ASEAN FOOTBALL FEDERATION
AFF-BUILDING RAPIDLY FROM SLOW BEGINNINGS
The Asean Football Federation (AFF) has grown from its humble beginnings in 1984 with six members to its current full complement of 10 members from the geopolitical region that has been making its impact in politics, economics and security issues.
Thailand, Philippines, Brunei, Singapore and Malaysia were the founder members with the presidency rotating among these members. Its initial activity was the organisation of a champions club competition but this was discontinued by the late 1980s for lack of response. Also, programmes for the advancement of football administration in the member countries fizzled out for lack of finance.
As the political entity, Asean, grew in membership in the decade of the 1990s to include the former Indochina states and Myanmar, a parallel growth in the membership of the AFF also occurred. But the AFF did not really take off until the Congress of 1996 when Tengku Ahmad Rithaudeen of Malaysia was elected to the presidency. The Congress also saw the appointment of Dato’ Paul Mony of Malaysia as secretary-cum-treasurer. Both Tengku Rithaudeen and Paul were principal officials of the Football Association of Malaysia.
In 1996 a substantial sponsorship was secured from AFC Marketing Limited, a Hong Kong based company that markets football in Asia. The finances enabled AFF to organise the Tiger Cup, a biennial competition for member countries. The inaugural Tiger Cup was held in Singapore with the six founder members participating but four other countries from Southeast Asia were also invited though they were not as yet members of AFF. Vietnam, Cambodia, Laos and Myanmar were to become members shortly afterwards. Thailand were the inaugural Tiger Cup champions.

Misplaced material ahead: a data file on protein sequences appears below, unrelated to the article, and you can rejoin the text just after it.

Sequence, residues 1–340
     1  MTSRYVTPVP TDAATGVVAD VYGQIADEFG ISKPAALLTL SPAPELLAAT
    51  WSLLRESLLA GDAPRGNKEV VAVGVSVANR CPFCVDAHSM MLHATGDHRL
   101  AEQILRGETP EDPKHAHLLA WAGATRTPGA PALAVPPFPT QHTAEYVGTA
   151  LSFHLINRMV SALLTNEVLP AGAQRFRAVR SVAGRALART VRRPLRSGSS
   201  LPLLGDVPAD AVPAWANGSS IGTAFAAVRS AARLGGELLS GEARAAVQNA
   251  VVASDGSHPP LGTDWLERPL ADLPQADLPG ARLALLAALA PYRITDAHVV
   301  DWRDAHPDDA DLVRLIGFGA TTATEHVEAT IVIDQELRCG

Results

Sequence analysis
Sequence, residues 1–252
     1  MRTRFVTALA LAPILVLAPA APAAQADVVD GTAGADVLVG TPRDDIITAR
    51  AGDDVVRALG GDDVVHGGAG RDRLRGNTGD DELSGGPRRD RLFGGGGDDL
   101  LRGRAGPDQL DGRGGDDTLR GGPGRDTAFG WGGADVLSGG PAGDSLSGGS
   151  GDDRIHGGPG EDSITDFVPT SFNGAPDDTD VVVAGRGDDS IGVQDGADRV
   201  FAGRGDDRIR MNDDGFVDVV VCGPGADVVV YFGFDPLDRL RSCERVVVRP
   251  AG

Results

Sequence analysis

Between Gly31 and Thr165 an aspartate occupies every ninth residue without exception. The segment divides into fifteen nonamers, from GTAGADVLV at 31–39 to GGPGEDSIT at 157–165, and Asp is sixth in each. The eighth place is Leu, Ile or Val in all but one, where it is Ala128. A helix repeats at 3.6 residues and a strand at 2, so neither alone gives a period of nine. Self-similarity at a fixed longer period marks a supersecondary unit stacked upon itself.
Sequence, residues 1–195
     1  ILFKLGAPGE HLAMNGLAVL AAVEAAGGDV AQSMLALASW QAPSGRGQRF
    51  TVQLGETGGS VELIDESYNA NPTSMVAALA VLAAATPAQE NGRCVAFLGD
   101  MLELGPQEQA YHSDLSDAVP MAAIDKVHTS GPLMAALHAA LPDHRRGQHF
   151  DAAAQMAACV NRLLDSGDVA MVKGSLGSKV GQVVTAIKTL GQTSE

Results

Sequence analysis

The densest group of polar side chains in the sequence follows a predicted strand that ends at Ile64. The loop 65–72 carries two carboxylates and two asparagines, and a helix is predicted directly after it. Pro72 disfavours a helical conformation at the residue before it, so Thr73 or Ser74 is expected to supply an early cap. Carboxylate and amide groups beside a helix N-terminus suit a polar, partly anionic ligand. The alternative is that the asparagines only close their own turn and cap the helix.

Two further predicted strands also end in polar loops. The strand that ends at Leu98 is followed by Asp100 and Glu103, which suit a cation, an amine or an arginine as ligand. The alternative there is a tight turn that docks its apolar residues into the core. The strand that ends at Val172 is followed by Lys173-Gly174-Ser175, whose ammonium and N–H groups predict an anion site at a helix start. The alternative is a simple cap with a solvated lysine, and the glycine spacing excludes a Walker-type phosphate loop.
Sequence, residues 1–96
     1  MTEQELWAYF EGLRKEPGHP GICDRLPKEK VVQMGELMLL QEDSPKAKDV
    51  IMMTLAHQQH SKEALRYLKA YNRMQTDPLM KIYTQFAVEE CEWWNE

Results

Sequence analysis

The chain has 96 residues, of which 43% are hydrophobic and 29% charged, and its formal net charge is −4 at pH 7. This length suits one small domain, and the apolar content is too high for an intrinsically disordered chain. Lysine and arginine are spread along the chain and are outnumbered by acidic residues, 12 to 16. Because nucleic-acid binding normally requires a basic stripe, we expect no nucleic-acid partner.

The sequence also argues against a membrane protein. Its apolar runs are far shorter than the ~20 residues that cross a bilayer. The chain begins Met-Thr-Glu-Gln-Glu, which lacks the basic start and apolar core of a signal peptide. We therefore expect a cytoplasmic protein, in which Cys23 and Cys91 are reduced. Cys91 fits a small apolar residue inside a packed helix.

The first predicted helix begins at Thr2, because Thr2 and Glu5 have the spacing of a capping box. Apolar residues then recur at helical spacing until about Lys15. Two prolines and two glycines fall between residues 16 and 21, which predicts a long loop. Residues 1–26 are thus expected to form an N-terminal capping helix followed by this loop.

The Tiger Cup in 1998 was hosted by Vietnam. Two qualifying rounds were held prior to the final round in Vietnam to enable four countries to qualify to join the defending champions and hosts. Singapore emerged the champions this time.
For the third edition of the Tiger Cup, there will be no qualifying round as all 10 member nations will play in two group matches in two cities in Thailand in November before converging for the semi-finals and final in Bangkok.
The AFF also organises the Dunhill Cup, a biennial competition inaugurated in 1997 to which three AFF members are invited to play against teams from East Asia and other regions of the world. The first Dunhill Cup was held in Kuala Lumpur and the second was held in Ho Chih Minh City in 1999.
The AFF comprises a Council whose members are the President, two Vice Presidents, the Secretary-cum-treasurer, and a member from each of its affiliates. There are two main committees – the competitions committee and the technical committee. The former is headed by Pengiran Matasan Pengiran Matusin of Brunei and the latter by Renee Z. Adad of the Philippines.
The AFF Council meets once in three months. Last May, the AFF Council met in Kuala Lumpur while the Asian Football Confederation was in Congress. The AFF Council gave a briefing of its development plans to visiting FIFA president by J. Sepp Blatter who was reportedly highly impressed with the programmes and progress made by the body thus far.